Wednesday, October 13, 2010

No Response

I've been through the query ringer before.  Now, as I dive back through, and conduct my research yet again, I find a good deal of agents these days subscribing to the non-response method of rejection.  While I can fully appreciate the amount of work these folks do, and reading hundreds of queries per week, in addition to any manuscripts they have, plus editing, and actually selling these projects, certainly counts as busy work, I can't for the life of me understand this non-repsonse.

How hard can it be to set up an automatic I DON'T LIKE IT email.  Heck, just have your interns do it.   I've been scouring the threads on Absolute Write and by gum, some folks are complaining they even get no response to fulls and partials.  Seriously, what gives?  You mean to say you're going to take the time to read something that you requested knowing full well that author is biting their nails just waiting to know what you think, and then...nothing.

But we, the querying writers, are expected to maintain professionalism at all costs.

Now, this may seem like an angry rant, and I suppose it is, but it's something of a two way street.  When I see that no response is a no, I lean toward no query.  Of course, leaning is still going, it only results in a more crooked path.  In other words, I still query, because I still want that agent, and lets face it, if we think we're good enough to query, we certainly don't expect rejection.

Except that we do.  And that part really sucks.  In the land of the query, a ten percent request rate is pretty good.  Without trying too hard, I can't think of too many other circumstances where abysmal failure is considered success.  But I suppose that's something to write about.

8 comments:

Traci said...

I completely agree - I know the agents are swamped with more queries than ever before, but really, how long does it take to send out a form email rejection?

And especially on partials/fulls - those should always, always be responded to, imo.

Though I love the convenience (and no-cost!) of email queries, I'm afraid the "cost" is that we get treated this way (no-responses). *sigh*

Matt said...

I'm down with you on cost. I only send email queries anymore, although it's rare to find anyone who won't accept email queries.

Traci said...

It's weird - two of the agents who've shown me the most interest so far have requested SNAIL mail on their submissions (even though I originally e-queried them!).

In fact, one asked me to FedEx the manuscript (which I did) overnight, costing a whopping $80!! I think that's ridiculous, as it would've taken 10 seconds (and not a single dime) for me to email it even faster.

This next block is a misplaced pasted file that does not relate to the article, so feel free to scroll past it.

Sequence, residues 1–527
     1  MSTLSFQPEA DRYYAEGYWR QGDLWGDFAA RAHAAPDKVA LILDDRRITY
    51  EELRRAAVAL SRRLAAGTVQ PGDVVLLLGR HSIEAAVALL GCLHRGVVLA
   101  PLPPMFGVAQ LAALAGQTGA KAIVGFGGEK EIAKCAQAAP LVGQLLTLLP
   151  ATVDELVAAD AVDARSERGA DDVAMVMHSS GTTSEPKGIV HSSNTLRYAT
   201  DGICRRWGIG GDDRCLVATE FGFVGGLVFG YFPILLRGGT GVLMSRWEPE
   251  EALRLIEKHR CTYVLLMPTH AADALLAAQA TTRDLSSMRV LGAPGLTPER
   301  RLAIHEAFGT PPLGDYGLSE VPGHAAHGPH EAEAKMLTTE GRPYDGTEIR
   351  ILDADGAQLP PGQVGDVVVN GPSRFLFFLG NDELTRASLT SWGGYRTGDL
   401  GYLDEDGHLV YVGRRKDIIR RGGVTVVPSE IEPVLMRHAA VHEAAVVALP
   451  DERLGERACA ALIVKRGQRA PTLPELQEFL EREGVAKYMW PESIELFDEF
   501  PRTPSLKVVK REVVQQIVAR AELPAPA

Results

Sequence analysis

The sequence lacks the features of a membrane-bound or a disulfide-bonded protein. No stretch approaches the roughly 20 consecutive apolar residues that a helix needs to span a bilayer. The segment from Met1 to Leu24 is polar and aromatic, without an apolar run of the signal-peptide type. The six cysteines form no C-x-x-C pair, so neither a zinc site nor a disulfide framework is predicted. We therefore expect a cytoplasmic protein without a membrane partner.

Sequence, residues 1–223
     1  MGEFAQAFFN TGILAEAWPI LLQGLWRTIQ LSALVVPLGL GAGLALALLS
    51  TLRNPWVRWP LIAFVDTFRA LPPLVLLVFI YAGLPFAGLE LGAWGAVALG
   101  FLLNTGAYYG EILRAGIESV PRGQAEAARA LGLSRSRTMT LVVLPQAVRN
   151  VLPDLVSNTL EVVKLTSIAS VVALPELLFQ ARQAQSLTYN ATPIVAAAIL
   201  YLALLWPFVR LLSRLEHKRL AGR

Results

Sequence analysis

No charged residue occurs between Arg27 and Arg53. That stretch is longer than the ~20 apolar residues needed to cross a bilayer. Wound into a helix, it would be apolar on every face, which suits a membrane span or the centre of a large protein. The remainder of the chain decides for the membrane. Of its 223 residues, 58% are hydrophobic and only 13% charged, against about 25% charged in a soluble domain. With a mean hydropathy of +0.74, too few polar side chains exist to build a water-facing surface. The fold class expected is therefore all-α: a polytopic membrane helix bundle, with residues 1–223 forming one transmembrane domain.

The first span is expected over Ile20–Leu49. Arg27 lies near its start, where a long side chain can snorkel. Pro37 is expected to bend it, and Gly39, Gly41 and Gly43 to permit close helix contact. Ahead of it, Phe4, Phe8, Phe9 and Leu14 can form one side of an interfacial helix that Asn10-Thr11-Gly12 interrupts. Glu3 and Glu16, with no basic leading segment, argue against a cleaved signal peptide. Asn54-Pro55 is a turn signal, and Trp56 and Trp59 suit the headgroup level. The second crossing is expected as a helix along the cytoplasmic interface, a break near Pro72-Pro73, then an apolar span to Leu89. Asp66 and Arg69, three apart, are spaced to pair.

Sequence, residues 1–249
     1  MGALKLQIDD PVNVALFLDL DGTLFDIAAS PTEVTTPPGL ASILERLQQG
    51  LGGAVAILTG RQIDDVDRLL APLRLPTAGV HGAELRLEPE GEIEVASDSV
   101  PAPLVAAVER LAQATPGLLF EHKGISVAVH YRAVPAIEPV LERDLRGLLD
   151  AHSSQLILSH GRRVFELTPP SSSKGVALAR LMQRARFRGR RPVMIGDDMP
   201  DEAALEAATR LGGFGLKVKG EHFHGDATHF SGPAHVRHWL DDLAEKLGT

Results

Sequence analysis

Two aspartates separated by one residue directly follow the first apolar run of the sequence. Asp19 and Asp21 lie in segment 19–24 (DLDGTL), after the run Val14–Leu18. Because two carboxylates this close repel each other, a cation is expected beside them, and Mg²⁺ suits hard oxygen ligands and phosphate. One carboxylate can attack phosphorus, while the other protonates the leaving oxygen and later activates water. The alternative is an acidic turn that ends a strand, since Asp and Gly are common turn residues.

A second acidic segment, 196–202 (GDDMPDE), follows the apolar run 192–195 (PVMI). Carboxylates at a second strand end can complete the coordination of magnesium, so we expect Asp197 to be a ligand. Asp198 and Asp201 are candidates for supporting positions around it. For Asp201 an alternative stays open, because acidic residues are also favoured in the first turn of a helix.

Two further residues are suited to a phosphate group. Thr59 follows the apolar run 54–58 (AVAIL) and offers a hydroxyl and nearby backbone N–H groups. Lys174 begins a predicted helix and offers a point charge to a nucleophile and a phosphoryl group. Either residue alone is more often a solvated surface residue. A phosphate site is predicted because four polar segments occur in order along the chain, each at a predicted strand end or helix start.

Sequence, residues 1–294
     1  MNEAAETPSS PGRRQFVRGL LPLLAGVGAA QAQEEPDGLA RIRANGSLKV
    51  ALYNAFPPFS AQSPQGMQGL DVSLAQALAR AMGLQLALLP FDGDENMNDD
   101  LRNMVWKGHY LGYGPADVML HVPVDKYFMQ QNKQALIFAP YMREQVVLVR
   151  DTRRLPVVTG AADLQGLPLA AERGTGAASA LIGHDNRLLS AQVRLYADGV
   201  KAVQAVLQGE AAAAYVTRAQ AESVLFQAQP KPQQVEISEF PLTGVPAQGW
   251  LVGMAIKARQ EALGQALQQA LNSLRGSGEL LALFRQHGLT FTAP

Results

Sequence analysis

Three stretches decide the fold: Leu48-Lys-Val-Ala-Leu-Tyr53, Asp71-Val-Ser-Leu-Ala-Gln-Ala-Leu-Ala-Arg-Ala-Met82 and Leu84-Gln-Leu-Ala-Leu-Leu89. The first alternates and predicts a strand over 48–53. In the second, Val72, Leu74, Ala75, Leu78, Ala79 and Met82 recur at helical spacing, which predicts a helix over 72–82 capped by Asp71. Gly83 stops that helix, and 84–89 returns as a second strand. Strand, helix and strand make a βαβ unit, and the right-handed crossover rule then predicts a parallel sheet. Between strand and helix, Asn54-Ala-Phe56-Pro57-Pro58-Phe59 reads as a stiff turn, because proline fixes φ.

Still, I have to say, if they're a solid agency and they're showing interest, I'll do whatever they want me to do, in terms of snail mail vs. email. But it's surprising how many are still requiring their requested material that way...

Traci said...

Question - are you putting your blog link into your query letter? I finally decided to include mine after my signature, just thinking it might show agents I was serious about the writing process. Not sure if any of them have visited, though...

Matt said...

I finally did put my blog link in. I actually included it as a line in my bio. Silly I know, but it goes something like this...

I am the author of the wildly popular (okay, that may be a bit of a stretch) blog, Pensive Sarcasm.

No way of knowing if they are reading.

Oh, and get this. I just re-queried someone I never heard from, using the previous address from my sent folder. It came back as undeliverable. I had left out one letter in their address. Explains that non-response.

Traci said...

LOL - love the way you included it. I think it'll make them smile.

Yep, I've gotten addresses wrong before - and - accidentally queried agents more than once, only hours or days apart, lol. Umm, not good.... That might explain those no-responses. :-)

Ted Cross said...

I only do email. Heck, this is modern times. An agent who does snail mail is not the right agent for me.

I fully agree that it is unprofessional for agents to have a non-response policy.

Travener said...

I have ranted on this subject myself -- in my last blog post, actually.

I understand that agents don't want to get follow-up rants from angry writers, but there are ways around that.

It's just ridiculous for them not to respond. Only takes a second to say, "Frak off, loser."